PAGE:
Interaction network analysis. a The predicted score matrix. The orange position is the significant interactions and the red position is the important interaction. b Drug-trimer-protein network prediction model, the first letter of trimer is the center amino acid of the trimer cluster, and the letters in the parenthesis represent the subordinate amino acids

Network visualization of predicted drug-trimer-DBPs could provide helpful information for research of intrinsic binding mechanisms and discovery of new therapeutic indications (Fig. 4b). According to the hypothesis, drug-clusters associations reflects chemical interaction, as a result, it is necessary to investigate whether the drug-clusters associations response the hypothesis. Since the clusters are composed of trimers, we investigate the hypothesis through drug-trimers interactions. For example, FAD (Flavin adenine dinucleotide, containing hydroxyl) and Glycine (containing carboxyl) react chemically to form lipids and water. In some situations, the major amino acid could not form significant chemical interaction with drug. However, if the distance and orientation are appropriate, the major amino acid can interact with the drug through hydrogen bonding. For example, a hydrogen atom in alanine is covalently bonded to an atom N having a large electronegativity. When the atomic S with large electronegativity and small radius in AGS (Adenosine 5’-[ γ-thio]triphosphate) is close, hydrogen is used as a medium between N and S to form a hydrogen bond. We only analyze the two interactions (Fig. 5), and the others could be analyzed similarly.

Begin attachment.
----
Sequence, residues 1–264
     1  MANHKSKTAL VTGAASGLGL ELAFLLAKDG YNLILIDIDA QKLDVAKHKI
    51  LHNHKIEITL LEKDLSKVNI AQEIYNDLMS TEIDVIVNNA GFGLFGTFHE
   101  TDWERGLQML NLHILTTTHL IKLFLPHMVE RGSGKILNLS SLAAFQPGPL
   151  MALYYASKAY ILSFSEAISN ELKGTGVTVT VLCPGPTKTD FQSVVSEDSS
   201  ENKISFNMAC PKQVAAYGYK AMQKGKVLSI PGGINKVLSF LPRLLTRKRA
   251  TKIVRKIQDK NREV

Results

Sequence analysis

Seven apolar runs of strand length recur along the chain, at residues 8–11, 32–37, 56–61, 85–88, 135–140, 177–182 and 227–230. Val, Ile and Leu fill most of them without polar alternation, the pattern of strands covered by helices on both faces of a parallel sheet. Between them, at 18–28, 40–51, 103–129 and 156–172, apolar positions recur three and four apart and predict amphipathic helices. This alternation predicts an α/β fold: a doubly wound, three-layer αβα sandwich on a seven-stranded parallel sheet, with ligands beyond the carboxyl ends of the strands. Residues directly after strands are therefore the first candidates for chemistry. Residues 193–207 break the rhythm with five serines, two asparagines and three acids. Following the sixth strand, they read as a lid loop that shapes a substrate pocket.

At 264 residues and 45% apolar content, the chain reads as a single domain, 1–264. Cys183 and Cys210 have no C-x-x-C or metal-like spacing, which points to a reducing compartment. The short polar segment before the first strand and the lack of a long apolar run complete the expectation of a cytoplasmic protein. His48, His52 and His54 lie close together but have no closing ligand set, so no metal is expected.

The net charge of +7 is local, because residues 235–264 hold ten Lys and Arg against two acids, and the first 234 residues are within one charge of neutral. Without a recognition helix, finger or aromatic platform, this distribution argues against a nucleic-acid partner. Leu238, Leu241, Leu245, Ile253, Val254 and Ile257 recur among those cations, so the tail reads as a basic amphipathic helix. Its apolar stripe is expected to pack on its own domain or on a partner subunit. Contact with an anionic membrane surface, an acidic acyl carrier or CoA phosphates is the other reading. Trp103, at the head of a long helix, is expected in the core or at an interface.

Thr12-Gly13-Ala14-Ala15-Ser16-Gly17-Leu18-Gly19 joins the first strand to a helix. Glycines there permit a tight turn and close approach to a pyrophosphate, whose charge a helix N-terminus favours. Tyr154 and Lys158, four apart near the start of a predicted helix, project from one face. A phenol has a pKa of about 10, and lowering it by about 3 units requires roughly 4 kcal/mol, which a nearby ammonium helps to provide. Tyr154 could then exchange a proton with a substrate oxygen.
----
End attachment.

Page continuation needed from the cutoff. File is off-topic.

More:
Fig. 5

Analysis of prediction results. a The binding mechanism of the drug-trimers (amino acids). The binding of the drug-trimers (amino acid) is mainly the binding of chemical bonds and hydrogen bonds. b Complex of drug GUN and protein nuclear receptor coactivator 1 (PDB ID: 1wet)

Next, we analyze the DBP-drug interactions in the network prediction model through the trimer as a link. In the drug-trimers-protein network prediction model (Fig. 5b), Erythromycin (ERY) can establish an interaction relationship with HTH-type transcriptional repressor (1wet) via trimer 7. HTH-type transcriptional repressor controls the expression of TtgABC efflux pump may be a factor in the resistance of bacteria [23]. Herein, HTH-type transcriptional repressor was predicted and verified as a new receptor for Erythromycin (ERY). Erythromycin is a bacteriostatic antibiotic widely used to treat various infections. The complex of GUN and HTH-type transcriptional repressor (1wet) showed that the binding process occurred inside nuclear receptor coactivator 1 (Fig. 5b), which verified that the binding process of the drug and DNA binding protein occurred inside the protein.


The PR curve and related indicators show that CN has the best performance among the 3 similarity indicators. This is beyond our expectations because CN is the simplest index. In general, more complex indexes should have better performance, because they have considered more information about the network structure. However, this is not the case with the drug-cluster association. This shows that the CN is actually a very powerful link prediction method even if it is very simple. The performance of PA is between CN and JA. PA is based on the Matthew effect, and the performance shows that the drug-cluster association may conform to the Matthew effect in social networks. JA shows the lowest performance out of all methods. Its poor performance may be because it solves the problem by placing more emphasis on the links of non-affected nodes to ensure that the common neighbors they share are due to their similarity rather than their impact.


In this work, we consider binding is a local event and emphasize the local information in DBP-drug interaction prediction. We apply drug-clusters (The same type of trimer is included in the clusters) associations instead of DBP-drug interactions and propose a network prediction model to predict drug-trimers interactions and DBP-drug interactions. We first extracted the drug-binding sites from DBP-drug complexes. Then we broke the binding sites into trimers so that it was analyzed as local information, and clustered the same kind of trimers so that we can get the drug-clusters interaction. Finally, based on the link prediction, we proposed a new DBP-drug network prediction model.